Remember a few years ago when the Wait But Why article on “Gen Y Yuppies” went viral? Part of that post—the part about social media—really stuck with me. Here’s what Urban wrote:
Social media creates a world for Lucy where A) what everyone else is doing is very out in the open, B) most people present an inflated version of their own existence, and C) the people who chime in the most about their careers are usually those whose careers (or relationships) are going the best.
I’m very guilty of this. My social media presence is carefully curated to highlight only the best parts of my freelance career, and as such, people tend to think I lived this charmed existence where I work a few hours a week, make a boatload of money and have all the time in the world to travel, shop and go to brunch.
But freelancing is nothing like that, not really. Being a freelance writer is really hard, really tiring and really stressful. I’ve been having an especially rough time lately, and today, I want to talk about some of my struggles so you can understand the not-so-glamorous aspects of being self-employed.
Even in Good Times, Money Is a Concern
People often say it’s “feast or famine” for freelancers, and they’re not wrong.
I was lucky enough that the first several months of my freelance career went really well—honestly, much better than I expected. I was making steady income, slowly increasing my profits each month, and maintaining a group of quality clients who paid on time.
It didn’t last forever, though. There were cancellations from a few of my well-paying clients. Editors at my publications moved on, leaving me in the hands of newcomers who didn’t want or need my services. Clients scaled back on publication, leaving me with half the money I was making before. All of a sudden, I was losing work faster than I could find new gigs.
All of a sudden, I was losing work faster than I could find new gigs.
I had a few really, really tough months when I was falling way short of my financial goals and struggling to find consistent, well-paying jobs without compromising my integrity. I’m slowly recovering and getting back on track, but now, money will always a concern.
When you’re a freelancer, there’s no guaranteed check every month. Every week, I worry whether I’m doing enough, if work will come in before the end of the month, if there will be unexpected bumps in the road. The truth is that there’s no way to know. Financial insecurity is one of the hardest parts of being a freelancer, and unfortunately, it’s what I signed up for.
A Flex Schedule Isn’t Always a Blessing
“It must be so nice to make your own schedule.”
I can’t tell you how often I hear that. People who work 9–5 tend to lust after “flex hours,” but there are pros and cons to creating your own schedule, just like anything else.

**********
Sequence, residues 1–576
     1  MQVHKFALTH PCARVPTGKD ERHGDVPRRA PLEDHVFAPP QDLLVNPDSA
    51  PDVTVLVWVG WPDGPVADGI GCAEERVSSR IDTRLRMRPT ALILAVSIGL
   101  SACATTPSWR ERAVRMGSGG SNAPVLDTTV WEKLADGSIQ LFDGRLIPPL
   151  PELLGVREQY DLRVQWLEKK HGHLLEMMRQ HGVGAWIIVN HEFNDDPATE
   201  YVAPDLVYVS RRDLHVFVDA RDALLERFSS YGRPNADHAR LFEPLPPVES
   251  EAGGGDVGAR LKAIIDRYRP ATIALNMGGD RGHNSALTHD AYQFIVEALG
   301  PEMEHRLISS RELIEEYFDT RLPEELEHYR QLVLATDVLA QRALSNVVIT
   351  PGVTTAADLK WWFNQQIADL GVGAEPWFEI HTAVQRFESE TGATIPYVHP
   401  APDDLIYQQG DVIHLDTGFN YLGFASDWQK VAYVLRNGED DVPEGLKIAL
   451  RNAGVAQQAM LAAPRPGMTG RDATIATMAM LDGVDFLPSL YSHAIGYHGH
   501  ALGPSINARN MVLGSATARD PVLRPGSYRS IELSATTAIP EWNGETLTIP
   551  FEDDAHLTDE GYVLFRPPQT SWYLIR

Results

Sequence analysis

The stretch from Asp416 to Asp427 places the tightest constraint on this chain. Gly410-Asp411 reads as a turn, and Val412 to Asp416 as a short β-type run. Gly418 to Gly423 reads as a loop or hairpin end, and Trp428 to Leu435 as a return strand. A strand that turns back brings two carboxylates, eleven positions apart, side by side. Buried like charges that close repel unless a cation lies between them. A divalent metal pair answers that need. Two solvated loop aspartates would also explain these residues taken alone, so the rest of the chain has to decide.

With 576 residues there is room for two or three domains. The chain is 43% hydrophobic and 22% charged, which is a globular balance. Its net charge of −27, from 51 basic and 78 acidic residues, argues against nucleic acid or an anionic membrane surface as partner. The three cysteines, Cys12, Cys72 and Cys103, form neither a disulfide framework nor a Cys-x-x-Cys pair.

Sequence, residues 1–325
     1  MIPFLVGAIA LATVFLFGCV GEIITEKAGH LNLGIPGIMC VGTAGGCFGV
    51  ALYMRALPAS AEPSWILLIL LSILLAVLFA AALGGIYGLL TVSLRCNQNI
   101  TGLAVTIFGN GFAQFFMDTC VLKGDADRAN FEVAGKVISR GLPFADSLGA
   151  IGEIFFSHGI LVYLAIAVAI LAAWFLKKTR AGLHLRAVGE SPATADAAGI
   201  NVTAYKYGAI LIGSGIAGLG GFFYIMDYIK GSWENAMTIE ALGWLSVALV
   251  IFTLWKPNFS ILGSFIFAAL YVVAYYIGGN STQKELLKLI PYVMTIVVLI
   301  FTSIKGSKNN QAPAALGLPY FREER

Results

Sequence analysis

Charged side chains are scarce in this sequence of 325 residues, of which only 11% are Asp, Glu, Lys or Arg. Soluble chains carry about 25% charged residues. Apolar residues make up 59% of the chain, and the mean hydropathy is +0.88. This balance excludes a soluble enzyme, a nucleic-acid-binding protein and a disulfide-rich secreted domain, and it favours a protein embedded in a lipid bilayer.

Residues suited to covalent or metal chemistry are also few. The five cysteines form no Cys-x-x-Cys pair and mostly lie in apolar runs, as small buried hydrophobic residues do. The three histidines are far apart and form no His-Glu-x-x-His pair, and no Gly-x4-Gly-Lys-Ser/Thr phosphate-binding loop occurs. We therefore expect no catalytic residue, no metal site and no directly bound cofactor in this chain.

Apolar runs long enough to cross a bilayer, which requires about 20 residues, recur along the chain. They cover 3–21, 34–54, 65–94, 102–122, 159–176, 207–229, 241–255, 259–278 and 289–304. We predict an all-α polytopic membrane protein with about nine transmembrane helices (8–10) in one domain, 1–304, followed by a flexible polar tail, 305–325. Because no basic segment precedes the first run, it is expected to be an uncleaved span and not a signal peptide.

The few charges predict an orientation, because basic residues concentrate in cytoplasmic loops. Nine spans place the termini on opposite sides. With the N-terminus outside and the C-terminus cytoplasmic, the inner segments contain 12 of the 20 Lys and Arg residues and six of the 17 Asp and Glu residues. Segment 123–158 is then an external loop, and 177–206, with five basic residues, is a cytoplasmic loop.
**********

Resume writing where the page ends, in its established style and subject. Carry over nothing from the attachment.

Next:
I won’t lie: It’s nice that I can take an afternoon off to go to the doctors or have lunch with a friend. It’s nice that I can sleep in if I want to or plan a vacation without getting permission from a manager. But whenever I do any of those things, the work is still there waiting for me.
When I take time off, I have to put in extra hours to catch up. Starting work late usually means working late. Taking vacations means sacrificing a week’s worth of work and income.
Yes, I have a flexible schedule, but I work six days a week, every week, including both Saturdays and Sundays. Ask my friends how frustrating it is to make plans with me. They’ll tell you.
Sometimes Being the Boss Sucks
When I worked in marketing, I was never afraid to pass things off to my managers. Angry clients, unreasonable requests, and subjective editing all got handed off to someone with more seniority, and that was just fine by me.
I don’t have a manager anymore. I don’t have anybody but myself. I’m the the boss, the salesperson, the marketer, the editor and the writer, all rolled into one. It’s great not to have to take on jobs I don’t want and to always do things my way, but man, I would love to be able to hand projects off to a manager when shit gets complicated.
I miss having someone to handle “complicated” work situations.
Don’t Get Me Started on “Verified Income”
This is a particularly timely complaint, but I have a feeling it will be ongoing. I’m currently searching for an apartment, and I’ve come to dread the words “income verification.”
Look, I get it. If you’re going to rent an apartment to me, you want to know I’m making enough money to pay for it. I am, just not in a “traditional” way. I don’t have an employer who can say, “Oh yeah, Camryn makes $XX,000 per year,” and because I haven’t been freelancing for a full fiscal year, I don’t have tax returns that document my freelancing income. So yeah, the struggle is real.
My dad is also an entrepreneur, and he’s basically told me it won’t get easier anytime soon. Want to buy a house? Need a loan? Banks and other lenders don’t want to gamble on self-employed people. We’re risky because we don’t have guaranteed income. But c’mon, there are 15 million self-employed Americans, according to the Bureau of Labor Statistics—how are you going to count us all out?
Long story short, think long and hard about the tougher aspects of working for yourself. Freelance writing may seem like a “dream job,” but you have to take the good with the bad if you’re going to make it work.